If it does not blink on and off when you do that then it is full wave rectified and turned on , on both cycles of the AC
That also means only half the light output.
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Old 12-24-2011, 06:57 PM   #21
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[COLOR="rgb(154, 205, 50)"]
Quote:
It's a bit more difficult to efficiently alter AC to work with DC devices, than to use DC devices with DC.

That also means only half the light output.
[/COLOR]
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Byron, You are absolutely right, 1/2 the light on a 1/2 wave with nothing more than the correct resister in line with the LED. AC Altered in the simplest form.

Merry Christmas to all.
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Old 01-03-2012, 03:06 PM   #22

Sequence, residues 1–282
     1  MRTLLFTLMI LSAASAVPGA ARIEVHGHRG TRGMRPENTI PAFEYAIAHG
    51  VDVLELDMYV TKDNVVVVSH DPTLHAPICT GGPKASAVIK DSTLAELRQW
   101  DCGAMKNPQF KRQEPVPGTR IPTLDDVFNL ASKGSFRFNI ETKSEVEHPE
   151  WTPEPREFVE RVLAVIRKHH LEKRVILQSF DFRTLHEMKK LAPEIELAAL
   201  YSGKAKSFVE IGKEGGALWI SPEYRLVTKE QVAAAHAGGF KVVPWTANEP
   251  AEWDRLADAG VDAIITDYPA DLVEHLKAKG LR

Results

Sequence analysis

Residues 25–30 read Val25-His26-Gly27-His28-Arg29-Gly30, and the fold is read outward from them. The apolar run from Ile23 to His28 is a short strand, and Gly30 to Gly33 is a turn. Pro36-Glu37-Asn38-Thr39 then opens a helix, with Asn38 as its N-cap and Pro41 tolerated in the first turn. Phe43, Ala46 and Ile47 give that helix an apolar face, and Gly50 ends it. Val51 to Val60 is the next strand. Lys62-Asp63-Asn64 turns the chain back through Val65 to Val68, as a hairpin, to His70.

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It is difficult to trust any site that is trying to sell new product. When I looked into it about five years ago, LED`s were slightly less efficient (lumins / watt) then florescent. I am sure that as technology progresses, the LED have become more efficient then florescent. The claim that they are twice as efficient seems doubtful to me, but maybe.

I generally laugh at people who quote Wikipedia, but the numbers on Wikipedia look believable to me.
Luminous efficacy - Wikipedia, the free encyclopedia
For a florescent light, the ballast has a large effect on the efficiency. With an electronic ballast, florescent has an efficiency of 80 to 100 lm/W vs. 4.5 to 150 lm/W for a raw LED. With a theoretical efficiency of 300 lm/W, (44%).

LED's have many other advantages as well. Bulb life is hard to beat, cold temperature performance, compact form, fits in existing fixtures, cheep, low voltage performance, arguably better light quality, .... LED's are obviously the future.

The only point I was trying to make is that it may not yet make sense from a cost vs benefit point of view to change from florescent to LED.
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Old 01-05-2012, 01:26 PM   #23